What You Should Know About Easter in the Czech Republic
If you’ve been to Old Town Square or near various metro stops in popular areas of town recently, you’ve probably noticed the colorful booths set up. Sweet treats, crafts, and other items are sold at these stands to promote the Easter holiday, as well as folk entertainment. The Czech Republic celebrates Easter a bit differently than other cultures, and it is widely acknowledged in this culture. Read on to learn more about common Easter traditions!
1. Easter is not only a religious holiday here
As Easter’s roots stem from being a religious holiday, it is common to be thought of without any religious associations in the Czech Republic. Easter to Czechs also means a celebration of the new spring season emerging. Many of these practices involve both Christianity and pagan customs and are still carried out in the modern day.
2. Easter Monday is bigger than Easter Sunday
In many cultures and religions, Easter is commonly observed on a Sunday. In the Czech Republic however, this Sunday is used primarily to prepare for Easter Monday, when the bigger celebration will occur. Sunday is the day dedicated to families decorating colorful Easter eggs, making pomlázkas, and other preparations. In the past, Easter used to be a week-long celebration. Today, Easter Monday is celebrated as a public holiday.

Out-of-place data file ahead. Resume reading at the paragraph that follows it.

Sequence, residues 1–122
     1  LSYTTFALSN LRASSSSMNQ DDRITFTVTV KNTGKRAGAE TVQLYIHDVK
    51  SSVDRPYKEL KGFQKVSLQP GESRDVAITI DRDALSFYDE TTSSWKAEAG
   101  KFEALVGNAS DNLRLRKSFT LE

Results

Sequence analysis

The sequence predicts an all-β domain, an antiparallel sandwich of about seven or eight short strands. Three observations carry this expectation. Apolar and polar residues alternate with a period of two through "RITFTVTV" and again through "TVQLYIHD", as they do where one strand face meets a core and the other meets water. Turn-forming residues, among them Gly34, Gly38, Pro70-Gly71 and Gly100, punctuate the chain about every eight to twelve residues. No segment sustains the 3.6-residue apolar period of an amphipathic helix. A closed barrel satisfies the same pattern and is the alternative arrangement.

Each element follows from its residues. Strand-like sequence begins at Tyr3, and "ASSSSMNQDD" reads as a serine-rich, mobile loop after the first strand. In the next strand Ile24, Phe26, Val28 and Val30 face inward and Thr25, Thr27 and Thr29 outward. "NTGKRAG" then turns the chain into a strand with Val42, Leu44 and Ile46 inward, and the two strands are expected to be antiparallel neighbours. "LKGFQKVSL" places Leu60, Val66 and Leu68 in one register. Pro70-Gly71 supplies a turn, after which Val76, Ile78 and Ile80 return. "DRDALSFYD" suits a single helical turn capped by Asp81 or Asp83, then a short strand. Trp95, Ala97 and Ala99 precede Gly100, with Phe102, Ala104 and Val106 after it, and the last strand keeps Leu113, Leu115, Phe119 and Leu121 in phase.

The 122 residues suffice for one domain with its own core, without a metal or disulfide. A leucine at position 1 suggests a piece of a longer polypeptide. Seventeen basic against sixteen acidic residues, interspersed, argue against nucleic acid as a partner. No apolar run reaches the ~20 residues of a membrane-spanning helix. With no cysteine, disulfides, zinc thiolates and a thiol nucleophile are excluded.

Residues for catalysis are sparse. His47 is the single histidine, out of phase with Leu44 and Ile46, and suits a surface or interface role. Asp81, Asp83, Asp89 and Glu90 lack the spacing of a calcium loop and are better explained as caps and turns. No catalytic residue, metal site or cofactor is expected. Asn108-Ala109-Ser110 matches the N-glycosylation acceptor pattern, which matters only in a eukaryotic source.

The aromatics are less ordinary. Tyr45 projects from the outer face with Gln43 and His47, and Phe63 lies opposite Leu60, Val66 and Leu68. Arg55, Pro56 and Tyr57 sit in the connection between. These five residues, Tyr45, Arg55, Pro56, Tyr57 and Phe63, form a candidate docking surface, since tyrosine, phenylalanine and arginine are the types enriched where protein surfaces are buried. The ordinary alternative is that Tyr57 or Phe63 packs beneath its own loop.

3. What is a pomlázka?
This is something involved in one of the more unique holiday traditions for the Czech Republic. A pomlázka is a hand-made whip or switch that has colorful ribbons on the end of it, which you’ve most likely seen being sold at these festive street markets in town. The tradition originates from men using this device to whip women – but this act of whipping actually means something good. It was intended to keep women’s youth and fertility whole for the following year. Following this, women would add a colored ribbon to the men’s whip and give them an egg. Although pomlázkas are still sold today, they are obviously not used in this exact manner anymore. It now serves as more of a symbol of Czech Easter and it is less harsh in the modern day.
If you’re a fan of baked goods, you’ll love to try this dish that is usually placed on the Easter table. Beránek is a cake-like dish that is baked in the shape of a lamb! The ingredients consist simply of flour, yeast, milk, and eggs. It is now common to add a bit of sweet ingredients such as sugar and vanilla, and many store-bought ones can be found coated in chocolate.
Enjoy your holiday weekend by immersing yourself into a Czech Easter tradition, or by visiting any of these street markets in Prague while they still stand. “Veselé Velikonoce!“ or Happy Easter!
Intern (University of Colorado Boulder)
Hello! My name is Sadie and I am interning for ARCHIP this semester while studying abroad in Prague. I attend the University of Colorado Boulder and major in Public Relations with a Business Minor. My interests and hobbies include hiking, yoga, and travel. I am happy to have the opportunity to intern at ARCHIP and study in Prague!